Ouch my ears, pt. 3

The sham public disturbance trials are nearing their conclusion, with final arguments to be presented tonight, December 7 at 7pm, when The AFC Challenge comes to the Isabella Stewart Gardner Museum. Wholesale acquittals are expected.

In “Ouch my ears, pt. 2” we introduced the topic of dissonance, and we won’t be looking back on that front. Interestingly, though, we will be returning, philosophically, to the ideas raised relating to the first piece on the program, Philip Glass’s tonal and lovely Echorus  (see “Ouch my ears, pt. 1”): music that depicts functional systems rather narrative tension and conflict. Here, again, in works by Ligeti, Usui, and Xenakis, the music relates to concepts and sounds encountered in the real world, like the sound of a beehive, of our stomach growling, or of the wind hitting a ship’s sail.

Where these pieces are exceptional are in the ways they use dissonance to create music that is felt in an almost tactile way, and, in that, they make a fine triptych, each relating to a different state of matter: the Ligeti as vapor, the Usui as liquid, the Xenakis as solid.

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György Ligeti: Ramifications

Accused of: what is that?

Defense:

Ligeti’s Ramifications is a cloud in sound and, in that, a remarkable and complex achievement. There have been pieces dating back centuries that have depicted scenes in various states of cloudiness, Beethoven’s “Pastoral” Symphony for instance, but these never get past the bluff called out in René Magritte’s The Treachery of Images (Ceci n’est pas une pipe”), that these are mere depictions or interpretations. Ramifications comes as close to debunking this as one can and maybe even succeeds, at least achieving the definition of a cloud that is “an indistinct or billowing mass.” So, when someone asks what you did Thursday night, you can tell them “I heard a cloud,” and you wouldn’t be lying.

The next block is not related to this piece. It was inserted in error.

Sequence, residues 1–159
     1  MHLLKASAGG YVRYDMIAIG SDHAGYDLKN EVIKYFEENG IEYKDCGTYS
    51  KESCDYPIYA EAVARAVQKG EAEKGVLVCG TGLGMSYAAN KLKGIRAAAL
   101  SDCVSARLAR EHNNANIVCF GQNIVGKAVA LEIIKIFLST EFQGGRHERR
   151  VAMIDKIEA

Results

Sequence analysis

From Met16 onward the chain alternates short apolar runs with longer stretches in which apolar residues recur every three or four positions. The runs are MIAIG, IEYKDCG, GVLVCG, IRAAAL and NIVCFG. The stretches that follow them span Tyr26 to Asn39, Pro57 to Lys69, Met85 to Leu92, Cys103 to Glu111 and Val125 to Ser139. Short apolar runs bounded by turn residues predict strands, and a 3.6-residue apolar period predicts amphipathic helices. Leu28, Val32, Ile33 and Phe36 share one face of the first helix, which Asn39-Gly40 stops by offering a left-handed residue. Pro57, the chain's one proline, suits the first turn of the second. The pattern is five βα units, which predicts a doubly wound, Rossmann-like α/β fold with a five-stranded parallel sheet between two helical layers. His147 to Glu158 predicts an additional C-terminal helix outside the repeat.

And if, to accomplish that, Ligeti has to tune one half of the ensemble a quarter tone sharp, or abandon all tonality and pitch center, or utilize dense, complex, offset rhythms; we should grant him that.

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Shiori Usui: In Digestion

Accused of: what IS that??

Defense:

Next we get to say: “I went inside a stomach!” And to those not familiar with the animated children’s television series The Magic School Bus (specifically Season 1, Episode 2, in which the class is shrunk down and travels inside Arnold’s digestive system), this may not seem like the coolest thing ever, but it is.

Among composer Shiori Usui’s inspirations in her work are “the sounds of the human body, the deep sea, and many other weird and wonderful organisms living on Earth.” In Digestion, then, is her artful transcription of the sounds of eating and digesting food. Looping back to the earlier comparison, that the final three works of The AFC Challenge represent vaporous, liquid, and solid states (this work being liquid), the context presented is perhaps a bit grotesque, and might even elicit a groan. We need, though, to swallow those preconceptions and, again, approach this with a beginner’s mind and a spirit of fun. The spirit behind this piece truly is one of curiosity and playfulness, the childlike glee of reveling in gross things. It's not as forbidding as it sounds; despite the chomping sound effects, it won’t bite.

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Iannis Xenakis: Voile

Accused of: WHAT IS THAT???

Defense:

Here we reach the max: music both dissonant and loud, that can almost be felt physically, as a solid object. This might possibly be traced to Xenakis’s roots as an architect, when he was a partner of Le Corbusier, one of the pioneers of “modern architecture.” In his music, then, alongside the physicality of sound, is a clarity of structure and texture that ought to dispel notions that his music is at all “random,” and might even help reframe the apparent harshness as something cutting, clear, and invigorating.

With Voile, once again, is also a sort of glee in misbehaving, in the spirit of the “enfant terrible.” There are hints of popular tunes (highly discordant, of course: 2:29 in the video below), as well as classical tropes, like the final chords, reminiscent of grand Beethovenian ending (4:44).

Beyond the structure and humor, though, is also a good deal of anguish, and in this one may find it helpful to approach Xenakis’s music with a degree of compassion. As you can see in his photo, his face is scarred, and he was also blind in one eye, stemming from an injury sustained from a tank blast as a member of the Greek resistance during World War II. He was able to escape, and lived in exile from the right-wing regime that was installed following the war for over 20 years. It’s this subtext that might help us to transform Xenakis from a forbidding figure to one that's misunderstood.

We’ll leave you with a quote from John Cage, who said: “I think that people are wonderful, and I think this because there are instances of people changing their minds.” Here, then, with music that might that might not be in our usual rotation, the key is being open to that, to listen with fresh ears, with curiosity, and good humor.

(Full playlist of The AFC Challenge here.)